Industry analysts are also concerned about overproduction and an element of inflation creep around heightened crew, equipment and facility demands. However, as Gubbins points out, “there’s never been an overproduction of original and exciting content – what there has been and remains is overproduction of mediocre films and TV shows. It’s deeply ironic that this summer’s box office was driven by ‘Barbie’ and ‘Oppenheimer,’ both in many senses classic auteur driven cinema.”

Producers, who after all should be valued as the key lynchpins in this complex mix, typically share an integrity standpoint on incentives and their role in the production process. Amplify Pictures’ founder and CEO Joe Lewis and CCO Rachel Eggebeen, former Amazon and Netflix executives, producers of HBO’s Emmy winning documentary series 100 Foot Wave, are in the strong position of being able to finance and cash-flow their productions. Nevertheless, Eggebeen stresses, “We’re really careful to put what works for the production creatively first, and then see what fits in terms of incentives and financing.”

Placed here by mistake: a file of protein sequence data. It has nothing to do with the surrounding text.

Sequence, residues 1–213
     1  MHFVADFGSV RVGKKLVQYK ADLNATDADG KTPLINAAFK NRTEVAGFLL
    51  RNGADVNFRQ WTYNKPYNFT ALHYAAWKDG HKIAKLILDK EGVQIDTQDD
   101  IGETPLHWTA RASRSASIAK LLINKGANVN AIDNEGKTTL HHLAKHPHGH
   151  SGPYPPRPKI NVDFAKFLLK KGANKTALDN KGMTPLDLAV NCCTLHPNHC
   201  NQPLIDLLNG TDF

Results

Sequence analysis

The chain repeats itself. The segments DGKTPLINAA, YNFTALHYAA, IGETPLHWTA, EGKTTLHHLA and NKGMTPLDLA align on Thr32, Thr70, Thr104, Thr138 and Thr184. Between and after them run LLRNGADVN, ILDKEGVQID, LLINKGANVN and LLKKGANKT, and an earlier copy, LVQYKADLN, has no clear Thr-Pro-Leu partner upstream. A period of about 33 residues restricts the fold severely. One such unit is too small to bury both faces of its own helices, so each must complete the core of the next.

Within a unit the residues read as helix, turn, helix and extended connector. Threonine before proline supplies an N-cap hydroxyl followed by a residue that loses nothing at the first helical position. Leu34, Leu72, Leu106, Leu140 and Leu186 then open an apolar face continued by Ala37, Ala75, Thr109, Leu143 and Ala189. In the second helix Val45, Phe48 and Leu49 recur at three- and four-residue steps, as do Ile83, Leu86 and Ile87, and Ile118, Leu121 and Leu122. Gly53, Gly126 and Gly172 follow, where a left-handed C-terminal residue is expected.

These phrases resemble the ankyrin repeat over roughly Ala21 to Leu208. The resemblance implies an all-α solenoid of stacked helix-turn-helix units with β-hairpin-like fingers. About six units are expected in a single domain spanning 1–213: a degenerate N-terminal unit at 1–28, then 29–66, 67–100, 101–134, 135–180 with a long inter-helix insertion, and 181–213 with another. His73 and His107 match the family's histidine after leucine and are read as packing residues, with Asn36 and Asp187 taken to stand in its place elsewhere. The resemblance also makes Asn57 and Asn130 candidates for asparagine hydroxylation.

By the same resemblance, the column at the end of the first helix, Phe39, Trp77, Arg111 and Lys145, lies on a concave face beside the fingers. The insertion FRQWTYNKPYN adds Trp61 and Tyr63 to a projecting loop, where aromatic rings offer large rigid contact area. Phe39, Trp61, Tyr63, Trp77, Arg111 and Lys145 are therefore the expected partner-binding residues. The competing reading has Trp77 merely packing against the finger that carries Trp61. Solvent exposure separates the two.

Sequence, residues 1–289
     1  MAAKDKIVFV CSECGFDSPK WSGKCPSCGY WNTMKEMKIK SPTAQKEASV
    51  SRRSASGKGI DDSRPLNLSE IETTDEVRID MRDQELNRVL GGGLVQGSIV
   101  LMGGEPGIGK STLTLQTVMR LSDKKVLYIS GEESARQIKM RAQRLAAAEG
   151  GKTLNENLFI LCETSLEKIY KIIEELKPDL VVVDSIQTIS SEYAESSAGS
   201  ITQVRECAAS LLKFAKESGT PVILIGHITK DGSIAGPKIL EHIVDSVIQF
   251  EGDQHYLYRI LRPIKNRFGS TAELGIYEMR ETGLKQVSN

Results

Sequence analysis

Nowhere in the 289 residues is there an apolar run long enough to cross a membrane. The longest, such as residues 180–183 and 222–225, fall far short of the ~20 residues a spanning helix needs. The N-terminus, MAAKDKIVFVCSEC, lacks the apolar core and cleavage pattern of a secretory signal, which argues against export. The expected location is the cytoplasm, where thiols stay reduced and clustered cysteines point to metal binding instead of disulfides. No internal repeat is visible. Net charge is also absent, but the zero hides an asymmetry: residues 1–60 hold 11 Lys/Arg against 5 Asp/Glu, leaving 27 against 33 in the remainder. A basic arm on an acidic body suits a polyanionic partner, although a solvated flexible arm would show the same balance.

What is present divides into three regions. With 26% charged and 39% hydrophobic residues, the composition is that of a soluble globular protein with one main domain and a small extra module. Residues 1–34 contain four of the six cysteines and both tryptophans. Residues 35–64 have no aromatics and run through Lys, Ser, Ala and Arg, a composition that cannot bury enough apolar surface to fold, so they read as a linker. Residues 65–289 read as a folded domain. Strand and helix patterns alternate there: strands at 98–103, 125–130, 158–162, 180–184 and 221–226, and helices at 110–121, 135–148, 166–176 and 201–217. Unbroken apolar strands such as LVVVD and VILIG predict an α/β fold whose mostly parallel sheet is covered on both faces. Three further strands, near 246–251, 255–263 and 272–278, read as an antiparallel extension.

Others stress that the net benefit for systems such as the U.K., Ireland and the U.S. state tax credits, need breaking down very carefully rather than relying on the headline figure. First, there is the cost of cash flowing the tax credit or rebate and taking care of milestone payments if applicable. Interest from a bank might typically be at 1% per month over a year, meaning an overall cost of $120,000 on a $1 million credit loan. Then there is the arrangement fee, which can often be charged at 2%-3% of the value of the credit, and the legal fees at around $20,000. Hence, what nets down on $1 million credit in reality looks more like $820,000 to $30,000 to the bottom line. Applying that discounting to the U.K. credit, and the cash benefit often nets down to around 17%, while the Irish, which starts at 32%, nets down to around 25%-27%.